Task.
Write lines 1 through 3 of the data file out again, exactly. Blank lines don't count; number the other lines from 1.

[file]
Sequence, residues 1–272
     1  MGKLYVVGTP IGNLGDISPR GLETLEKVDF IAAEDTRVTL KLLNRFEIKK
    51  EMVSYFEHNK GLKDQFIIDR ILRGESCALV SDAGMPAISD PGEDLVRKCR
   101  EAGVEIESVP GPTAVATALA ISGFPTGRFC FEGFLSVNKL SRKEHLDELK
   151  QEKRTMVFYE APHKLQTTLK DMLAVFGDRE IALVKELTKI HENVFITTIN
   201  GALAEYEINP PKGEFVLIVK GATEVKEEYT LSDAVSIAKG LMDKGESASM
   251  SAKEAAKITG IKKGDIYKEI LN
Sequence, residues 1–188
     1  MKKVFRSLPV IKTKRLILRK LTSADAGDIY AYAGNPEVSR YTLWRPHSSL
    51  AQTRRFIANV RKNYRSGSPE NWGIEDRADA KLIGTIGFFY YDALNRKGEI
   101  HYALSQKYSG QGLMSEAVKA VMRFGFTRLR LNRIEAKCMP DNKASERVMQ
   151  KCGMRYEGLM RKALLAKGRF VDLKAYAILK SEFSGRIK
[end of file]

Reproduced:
Sequence, residues 1–272
     1  MGKLYVVGTP IGNLGDISPR GLETLEKVDF IAAEDTRVTL KLLNRFEIKK
    51  EMVSYFEHNK GLKDQFIIDR ILRGESCALV SDAGMPAISD PGEDLVRKCR